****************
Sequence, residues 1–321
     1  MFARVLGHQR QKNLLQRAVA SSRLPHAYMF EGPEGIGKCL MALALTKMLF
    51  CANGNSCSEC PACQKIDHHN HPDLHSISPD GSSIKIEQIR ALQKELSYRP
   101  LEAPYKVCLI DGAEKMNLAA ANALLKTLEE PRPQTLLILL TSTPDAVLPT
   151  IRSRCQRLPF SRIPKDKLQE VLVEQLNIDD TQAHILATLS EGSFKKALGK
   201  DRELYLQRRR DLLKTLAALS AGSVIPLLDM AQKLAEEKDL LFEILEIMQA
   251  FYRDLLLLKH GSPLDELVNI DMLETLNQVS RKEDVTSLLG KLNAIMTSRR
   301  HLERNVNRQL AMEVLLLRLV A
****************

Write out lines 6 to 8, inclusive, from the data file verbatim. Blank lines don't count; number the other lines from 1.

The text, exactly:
   201  DRELYLQRRR DLLKTLAALS AGSVIPLLDM AQKLAEEKDL LFEILEIMQA
   251  FYRDLLLLKH GSPLDELVNI DMLETLNQVS RKEDVTSLLG KLNAIMTSRR
   301  HLERNVNRQL AMEVLLLRLV A